Here’s How the Biggest Hedge Fund Managers Did in the First-Half (Bloomberg)
It’s been the best start to a year for hedge funds in a decade, and the returns for the biggest multi-strategy money managers are in. Ken Griffin, who runs the $30 billion hedge-fund firm Citadel, is beating his largest rivals, gaining 13.6% in the first six months of the year in his flagship funds, according to a person with knowledge of the matter. Those funds, Kensington and Wellington, are market neutral — so their bullish wagers are matched by bearish ones. All five of the strategies that feed into them made money over the period, said the person.
Elliott Outspends Rivals as Corporate Activism Turns to Germany (Reuters)
FRANKFURT/BOSTON (Reuters) – Elliott Management Corp has invested more than rivals in its push for corporate change so far this year and there has been an increasing focus among activist investors on German companies. Elliott, Paul Singer’s $35 billion hedge fund, committed $3.4 billion in new capital in the first six months of 2019, data on the sector compiled by Lazard show, outpacing Carl Icahn who spent $2.8 billion. Elliott has investments in pharmaceutical and life sciences company Bayer and software firm SAP, reflecting the rise in activism directed at corporate Germany.
Steyer Kicks Off Spending on National TV Ads: Campaign Update (Bloomberg)
Billionaire Tom Steyer is on a roll. Two days after announcing his presidential candidacy, he has already spent $1.4 million on TV ads in the key first nominating states of Iowa, New Hampshire, South Carolina and Nevada. The ads also will run nationally on CNN and MSNBC for two weeks. Steyer, 62, hinted at a run a 2020 run early this year, but showed up in Des Moines, Iowa, in January only to announce he had decided against it. The hedge fund manager, who has been focused on impeaching President Donald Trump, announced his candidacy in a video message on Monday.
Emerging Manager Parplus Partners Argues Investors Should Only Pay Fees When Funds Outperform (Opalesque.com)
Should investors only pay fund managers when they outperform? One emerging hedge fund manager says yes. Parplus Partners, a New York-based hedge fund manager, argues that investors should only pay fees when funds beat the market. “We think investors should only have to pay if we’re providing a service. That service is beating the S&P500,” says Parplus founder and CEO Jim Carney. Investors in Parplus only pay fees when the firm’s flagship fund beats the S&P500. Parplus invests long on S&P 500 index positions, with a small portion of the fund’s portfolio set aside for volatility trading through VIX options and VIX ETFs.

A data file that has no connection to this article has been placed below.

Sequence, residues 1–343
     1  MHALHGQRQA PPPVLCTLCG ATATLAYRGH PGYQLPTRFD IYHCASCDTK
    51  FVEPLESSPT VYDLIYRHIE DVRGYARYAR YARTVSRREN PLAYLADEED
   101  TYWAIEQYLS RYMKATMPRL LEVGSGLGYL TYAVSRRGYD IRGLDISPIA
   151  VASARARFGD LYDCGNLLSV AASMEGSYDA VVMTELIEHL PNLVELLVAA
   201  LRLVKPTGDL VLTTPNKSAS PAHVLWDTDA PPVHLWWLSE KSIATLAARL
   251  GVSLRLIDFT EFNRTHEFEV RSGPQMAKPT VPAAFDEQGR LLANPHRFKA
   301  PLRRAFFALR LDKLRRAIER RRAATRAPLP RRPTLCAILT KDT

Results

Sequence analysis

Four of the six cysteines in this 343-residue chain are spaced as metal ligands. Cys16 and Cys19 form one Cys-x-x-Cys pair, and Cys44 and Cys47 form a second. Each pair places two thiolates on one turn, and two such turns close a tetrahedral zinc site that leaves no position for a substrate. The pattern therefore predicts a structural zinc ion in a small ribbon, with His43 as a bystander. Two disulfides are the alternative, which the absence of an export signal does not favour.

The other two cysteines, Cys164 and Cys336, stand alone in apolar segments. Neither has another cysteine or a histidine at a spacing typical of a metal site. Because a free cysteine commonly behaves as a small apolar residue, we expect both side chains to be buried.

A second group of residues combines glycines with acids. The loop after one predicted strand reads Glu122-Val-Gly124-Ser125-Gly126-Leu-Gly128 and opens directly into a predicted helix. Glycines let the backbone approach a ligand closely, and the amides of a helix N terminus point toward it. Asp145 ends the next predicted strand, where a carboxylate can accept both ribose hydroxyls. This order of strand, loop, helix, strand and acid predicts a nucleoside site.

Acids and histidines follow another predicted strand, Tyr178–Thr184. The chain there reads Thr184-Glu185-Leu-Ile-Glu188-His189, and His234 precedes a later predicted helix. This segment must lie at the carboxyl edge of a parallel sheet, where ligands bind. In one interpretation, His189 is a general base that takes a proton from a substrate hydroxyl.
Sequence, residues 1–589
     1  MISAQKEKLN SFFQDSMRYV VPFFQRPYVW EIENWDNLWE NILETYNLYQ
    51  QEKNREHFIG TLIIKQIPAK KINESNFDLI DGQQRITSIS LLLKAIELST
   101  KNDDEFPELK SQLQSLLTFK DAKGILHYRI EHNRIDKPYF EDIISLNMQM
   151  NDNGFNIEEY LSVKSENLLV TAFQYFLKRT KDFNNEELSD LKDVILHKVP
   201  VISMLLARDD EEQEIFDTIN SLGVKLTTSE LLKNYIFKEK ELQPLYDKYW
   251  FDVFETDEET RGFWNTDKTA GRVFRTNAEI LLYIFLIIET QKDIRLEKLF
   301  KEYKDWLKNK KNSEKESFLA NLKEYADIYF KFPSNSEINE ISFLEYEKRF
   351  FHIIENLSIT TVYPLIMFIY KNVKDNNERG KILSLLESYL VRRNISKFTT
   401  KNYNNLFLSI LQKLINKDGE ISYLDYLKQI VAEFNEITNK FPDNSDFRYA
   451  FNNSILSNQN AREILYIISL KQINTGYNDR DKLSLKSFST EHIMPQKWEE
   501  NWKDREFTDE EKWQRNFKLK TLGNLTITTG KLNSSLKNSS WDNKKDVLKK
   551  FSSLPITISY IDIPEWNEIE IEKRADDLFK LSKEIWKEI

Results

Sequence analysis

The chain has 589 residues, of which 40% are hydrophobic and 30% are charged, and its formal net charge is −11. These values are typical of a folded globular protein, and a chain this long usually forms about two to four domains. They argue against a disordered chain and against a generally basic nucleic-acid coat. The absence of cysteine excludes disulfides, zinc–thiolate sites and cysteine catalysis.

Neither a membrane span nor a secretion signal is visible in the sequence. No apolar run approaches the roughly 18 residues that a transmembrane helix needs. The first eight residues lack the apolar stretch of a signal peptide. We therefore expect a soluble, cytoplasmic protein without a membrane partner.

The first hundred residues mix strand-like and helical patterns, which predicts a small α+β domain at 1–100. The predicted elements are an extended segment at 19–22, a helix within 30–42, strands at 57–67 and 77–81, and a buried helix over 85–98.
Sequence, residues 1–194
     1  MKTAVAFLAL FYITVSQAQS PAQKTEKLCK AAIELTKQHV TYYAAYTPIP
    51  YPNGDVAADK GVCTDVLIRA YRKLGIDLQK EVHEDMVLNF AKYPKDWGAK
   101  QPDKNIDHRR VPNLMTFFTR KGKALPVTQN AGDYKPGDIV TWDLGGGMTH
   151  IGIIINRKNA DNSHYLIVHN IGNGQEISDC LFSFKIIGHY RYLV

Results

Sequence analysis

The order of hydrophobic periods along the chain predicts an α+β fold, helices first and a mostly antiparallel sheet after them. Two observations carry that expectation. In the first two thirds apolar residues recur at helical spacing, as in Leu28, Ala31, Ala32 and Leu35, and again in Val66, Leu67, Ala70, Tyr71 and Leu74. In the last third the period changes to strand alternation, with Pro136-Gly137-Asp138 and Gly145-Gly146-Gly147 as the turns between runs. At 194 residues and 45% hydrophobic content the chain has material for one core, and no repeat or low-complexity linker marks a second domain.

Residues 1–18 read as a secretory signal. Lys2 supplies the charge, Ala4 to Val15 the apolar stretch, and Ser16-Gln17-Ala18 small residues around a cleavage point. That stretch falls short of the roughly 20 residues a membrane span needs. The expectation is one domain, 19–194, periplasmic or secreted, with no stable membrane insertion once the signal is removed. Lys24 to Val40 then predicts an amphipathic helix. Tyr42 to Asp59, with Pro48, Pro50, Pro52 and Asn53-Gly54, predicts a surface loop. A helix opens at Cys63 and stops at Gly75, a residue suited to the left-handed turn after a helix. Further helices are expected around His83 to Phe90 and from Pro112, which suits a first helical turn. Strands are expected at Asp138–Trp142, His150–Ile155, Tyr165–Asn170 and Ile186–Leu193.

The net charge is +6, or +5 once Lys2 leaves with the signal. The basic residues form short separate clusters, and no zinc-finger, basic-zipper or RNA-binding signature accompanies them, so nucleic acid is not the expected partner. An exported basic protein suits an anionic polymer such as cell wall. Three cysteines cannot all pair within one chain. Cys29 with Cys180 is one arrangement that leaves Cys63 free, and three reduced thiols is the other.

Hedge Funds Gain on Tech and Quant Exposures (Hedge Week)
Hedge funds posted strong, broad-based gains in June, with multiple and varied drivers of performance leading advances across a wide range of strategies. The HFRI Fund Weighted Composite Index gained +2.6 per cent for the month, the strongest month since January, increasing the Index Value to 14,408, a record level. The June gain recovers the decline from the prior month and brings 2019 performance to +7.6 per cent. The HFRI 500 Fund Weighted Composite Index, an investible index of 500 leading hedge funds, returned +1.9 per cent for June. Liquid Alternatives also advanced in June, as the HFRI-I Liquid Alternative UCITS Index added +1.3 per cent for the month, led by the HFRI-I Liquid Alternative UCITS Relative Value Index which returned +1.55 per cent.
2019 Preqin Markets in Focus: Alternative Assets in Europe (Preqin)
At €1.62tn, the European alternative assets market is the second largest in the world, representing an increasingly diverse ecosystem of over 6,300 fund managers and 3,000 institutional investors. Although hedge funds took a knock in 2018 in the face of great geopolitical uncertainty, other alternative asset classes are moving from strength to strength in Europe. High distributions and attractive returns across many private capital strategies are ensuring a consistent flow of capital into the market, and the dynamics of the industry are continuously evolving as a result. Preqin forecasts a near-doubling of global alternatives assets under management over the next four years, and all the evidence suggests that the European market will play a huge part in driving this growth.
Anchorage Capital Group Selects Northern Trust for Hedge Fund Administration (Hedge Week)
Northern Trust has been appointed by Anchorage Capital Group, a New York-based investment adviser, as its strategic partner for hedge fund administration. “Northern Trust’s strong commitment to client service, collaboration and efficiency, combined with their leading-edge technology, make them the ideal partner for our administration needs,” says Natalie Birrell, Partner and Chief Operating Officer of Anchorage Capital Group.
Hedge Fund Billionaire Made a Fake Driveway in a Manhattan Sidewalk as a Way to Get 24 Hour Free Street Parking (BoingBoing.net)
Noam Gottesman, a businessman worth $2.7 billion, added a curb cut to a public sidewalk in Manhattan’s West Village and posted “No Parking” and “Active Driveway” warnings, even though there is no driveway. Anyone who parks there gets confronted by Gottesman’s hired hands who warn the parker that their car will be ticketed and towed. For some Gottesman seems to think he deserves to use public space as his own private parking spot. New York’s Department of Buildings says Gottesman does not have permission to have a curb cut, but Gottesman’s lawyer says Gottesman has the right to the curb cut.